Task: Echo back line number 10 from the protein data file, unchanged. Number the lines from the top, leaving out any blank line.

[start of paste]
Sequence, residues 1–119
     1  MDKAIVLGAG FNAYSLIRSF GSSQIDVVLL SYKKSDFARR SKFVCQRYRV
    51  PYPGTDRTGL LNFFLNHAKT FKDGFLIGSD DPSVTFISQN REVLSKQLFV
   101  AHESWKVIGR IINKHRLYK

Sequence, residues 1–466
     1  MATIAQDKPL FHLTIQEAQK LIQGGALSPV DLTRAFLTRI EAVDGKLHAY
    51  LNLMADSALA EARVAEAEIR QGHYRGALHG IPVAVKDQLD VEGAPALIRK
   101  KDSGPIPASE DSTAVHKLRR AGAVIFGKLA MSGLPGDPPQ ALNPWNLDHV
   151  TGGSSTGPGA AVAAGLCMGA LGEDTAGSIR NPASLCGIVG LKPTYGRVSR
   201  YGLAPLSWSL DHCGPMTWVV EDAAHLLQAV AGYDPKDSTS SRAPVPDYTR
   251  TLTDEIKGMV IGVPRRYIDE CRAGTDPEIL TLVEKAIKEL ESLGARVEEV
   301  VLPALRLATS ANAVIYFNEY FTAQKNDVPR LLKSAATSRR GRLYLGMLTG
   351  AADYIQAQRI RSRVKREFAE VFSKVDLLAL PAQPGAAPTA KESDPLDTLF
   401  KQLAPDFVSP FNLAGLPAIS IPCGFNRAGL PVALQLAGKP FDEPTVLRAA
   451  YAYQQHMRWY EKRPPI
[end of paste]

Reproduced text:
   201  YGLAPLSWSL DHCGPMTWVV EDAAHLLQAV AGYDPKDSTS SRAPVPDYTR